After returning to the Daily office, Nelson began debating with Associate Editor Andrew Donohue about how to frame the story. What was the news? Was it that the greeks had raised thousands of dollars for a good cause, or was it that they acted in a way that cheapened the whole event?
Nelson wanted to emphasize the latter, but Donohue argued that the focus should remain on the purpose of the event and the speakers. After a lengthy argument, the two agreed to what Nelson called a “big-time” compromise. The story and the photo addressed the audience’s behavior, but presented it more as harmless enthusiasm than callous disruption.
Donohue said he did not do much to change Nelson’s draft of the story. “I pulled a quote or two out of there, but that was it.” Donohue added that he trusted Nelson’s judgment in deciding how to write the story. “I just wanted to make sure we didn’t lose sight of the reason the story was being covered in the first place.”
Nelson said the published story was “bland.” The story she wanted to write would have incorporated quotes from people in the audience and from some participants who Nelson believes were bothered by the “pep rally” atmosphere. Because the story occurred so late, however, she did not have time to do additional interviews and get people’s reactions.
The looming deadline also forced some tough decisions by McCoy and his editor, Amirali Raissnia, about which photo to run with the story. McCoy said he and Raissnia agonized for nearly an hour over the decision, wavering between the photo that eventually appeared and some more generic but less engaging photos of speakers and seated audience members.
McCoy said it was a “very, very tough decision.” He and Raissnia wanted to run two different photos, presenting both sides of what McCoy described as an event “of real serious contrast.” But because the event occurred so close to deadline, they had a small hole to fill and it could not fit two photos.
Both McCoy and Raissnia were satisfied with their ultimate choice, saying it accurately represented the scene prior to the presentation, and it was by far the most interesting photo.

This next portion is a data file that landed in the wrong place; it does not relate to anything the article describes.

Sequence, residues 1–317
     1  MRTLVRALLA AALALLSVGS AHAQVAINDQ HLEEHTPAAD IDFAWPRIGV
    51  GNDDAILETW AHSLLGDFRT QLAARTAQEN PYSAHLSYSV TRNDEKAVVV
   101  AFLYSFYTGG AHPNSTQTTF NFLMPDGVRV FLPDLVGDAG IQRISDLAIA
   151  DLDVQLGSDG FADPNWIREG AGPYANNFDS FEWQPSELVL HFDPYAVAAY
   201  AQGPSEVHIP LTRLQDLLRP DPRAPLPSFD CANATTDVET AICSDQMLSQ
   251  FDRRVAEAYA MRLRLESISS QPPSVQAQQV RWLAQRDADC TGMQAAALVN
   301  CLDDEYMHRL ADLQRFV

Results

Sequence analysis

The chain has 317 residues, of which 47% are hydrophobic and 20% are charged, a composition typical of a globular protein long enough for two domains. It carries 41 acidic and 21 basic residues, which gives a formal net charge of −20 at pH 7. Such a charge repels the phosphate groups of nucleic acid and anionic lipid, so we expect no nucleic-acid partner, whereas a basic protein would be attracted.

The product of all this deliberation was a story that did a respectable job of capturing the conflicting aspects of this event. Given all of the pressures and the differences of opinion among staff members, the story was at least an adequate accommodation. The story Nelson wanted to tell would have been more interesting, but there simply wasn’t time. The most important thing was that she recognized the “story within the story” in the first place.
Whatever the limitations of the story, however, the process through which decisions about it were made was more than adequate. Ethical decisions in journalism are often made hastily and solitarily, which is when breakdowns occur. This was not one of those cases. Whatever one might think of the end product, the process was unimpeachable.
The reporters, editors and photographers involved spent more than an hour debating how to play the story and how best to balance the need to present a complete picture against the need to avoid vilifying or misrepresenting anyone.
Too often journalists get locked into routines in which issues of fairness and balance are either forgotten or dwarfed by other pressures. It was encouraging to see that in this case, under deadline pressure, the staff took its responsibility seriously. Whatever our opinions of this story and photo, we would be lucky if the same attention were given to every story.
Eric Ugland’s column usually appears on alternate Mondays. He welcomes comments on his column or the Daily to [email protected]